Background Burn-out among doctors threatens their own health, and that of their patients. To identify risk factors of the doctor burn-out is vital to improving their health and increasing the quality of healthcare services. This study aims to explore the relationship between work-family conflict (WFC) and burn-out among Chinese doctors and the mediating role of coping styles in this relationship.
Methods A cross-sectional survey was conducted in China, with a questionnaire packet which consisted of the Chinese Maslach Burnout Inventory (CMBI), WFC Scale and the Simplified Coping Style Questionnaire (SCSQ). A total of 2530 doctors participated in the survey. Correlation analysis was performed to explore the relationship between CMBI, WFC and SCSQ scores. A linear regression model was set to determine the mediating role of coping styles on the relationship between WFC and burn-out.
Results Doctors who had higher scores on work interfering with family conflict, reported more emotional exhaustion (r=0.514, P<0.001) and had a sense of accomplishment (r=−0.149, P<0.001). Simultaneously, family interfering with work (FIW) was positively associated with all dimensions of burn-out (r=0.213, 0.504, 0.088, respectively, P<0.001). Coping styles had partial, complete and even mediating effects on the relationship between WFC and burn-out among Chinese doctors.
Conclusions WFC was correlated with burn-out, and coping style was a mediator in this relationship among Chinese doctors. Coping style was a positive resource against burn-out.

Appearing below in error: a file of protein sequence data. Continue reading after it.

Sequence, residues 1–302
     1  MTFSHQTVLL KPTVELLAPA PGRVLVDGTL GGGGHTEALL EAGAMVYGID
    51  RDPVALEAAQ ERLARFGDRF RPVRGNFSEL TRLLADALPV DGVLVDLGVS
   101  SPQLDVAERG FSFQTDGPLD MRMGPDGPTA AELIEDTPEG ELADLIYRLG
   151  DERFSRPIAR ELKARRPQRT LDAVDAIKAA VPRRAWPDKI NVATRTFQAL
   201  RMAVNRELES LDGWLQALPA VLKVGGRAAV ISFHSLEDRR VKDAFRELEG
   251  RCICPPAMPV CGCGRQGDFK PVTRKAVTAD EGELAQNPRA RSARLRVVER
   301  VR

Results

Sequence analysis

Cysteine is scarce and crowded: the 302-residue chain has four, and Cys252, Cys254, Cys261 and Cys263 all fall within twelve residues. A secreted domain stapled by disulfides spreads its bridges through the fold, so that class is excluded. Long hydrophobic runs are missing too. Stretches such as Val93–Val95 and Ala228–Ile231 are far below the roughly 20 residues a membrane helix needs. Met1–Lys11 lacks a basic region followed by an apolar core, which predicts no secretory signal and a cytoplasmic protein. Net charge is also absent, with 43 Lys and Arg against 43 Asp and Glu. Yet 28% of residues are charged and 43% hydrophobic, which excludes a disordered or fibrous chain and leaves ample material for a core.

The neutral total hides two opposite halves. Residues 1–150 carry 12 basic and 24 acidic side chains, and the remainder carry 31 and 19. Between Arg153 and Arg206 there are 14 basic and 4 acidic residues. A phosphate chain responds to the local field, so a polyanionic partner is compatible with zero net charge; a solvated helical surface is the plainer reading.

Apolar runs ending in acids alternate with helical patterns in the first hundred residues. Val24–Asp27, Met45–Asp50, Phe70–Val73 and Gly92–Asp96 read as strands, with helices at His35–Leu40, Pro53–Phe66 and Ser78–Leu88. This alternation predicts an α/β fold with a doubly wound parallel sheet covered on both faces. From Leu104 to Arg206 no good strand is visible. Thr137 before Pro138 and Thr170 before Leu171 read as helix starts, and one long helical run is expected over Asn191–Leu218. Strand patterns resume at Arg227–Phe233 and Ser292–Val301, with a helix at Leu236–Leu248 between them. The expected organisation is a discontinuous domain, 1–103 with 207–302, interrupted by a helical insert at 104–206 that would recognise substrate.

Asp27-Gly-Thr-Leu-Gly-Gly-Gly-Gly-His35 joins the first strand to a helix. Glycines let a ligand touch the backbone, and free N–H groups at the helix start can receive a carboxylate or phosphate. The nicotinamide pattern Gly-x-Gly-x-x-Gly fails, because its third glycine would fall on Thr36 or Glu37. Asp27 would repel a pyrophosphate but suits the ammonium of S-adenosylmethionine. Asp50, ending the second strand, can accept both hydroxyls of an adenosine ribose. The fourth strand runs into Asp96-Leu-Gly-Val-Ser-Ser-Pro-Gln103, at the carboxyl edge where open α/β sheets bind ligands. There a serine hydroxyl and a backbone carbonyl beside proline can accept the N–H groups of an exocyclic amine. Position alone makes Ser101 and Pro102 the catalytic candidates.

- work-family conflict
- coping style
- Chinese maslach burnout inventory
- Chinese doctors
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Burn-out is defined as a syndrome of emotional exhaustion (EE), depersonalisation(DP) and reduced professional accomplishment(PA)1 that occurs among various people-oriented professions like healthcare and social services. In the area of medicine, doctors are exposed to a range of harmful factors such as work overload, time pressures, role conflicts and effort-reward imbalance. The huge population base and increasing health consciousness over recent years have led to Chinese doctors being overburdened. Further, the relationship between doctors and patients often involves high interpersonal and emotional demands; this can also elevate the risk of burn-out. Doctors are considered a high-risk population with high levels of burn-out; what is more, they are more susceptible to depressive symptoms and suicide attempts, and they are often unable to satisfy the demands of patients.2–5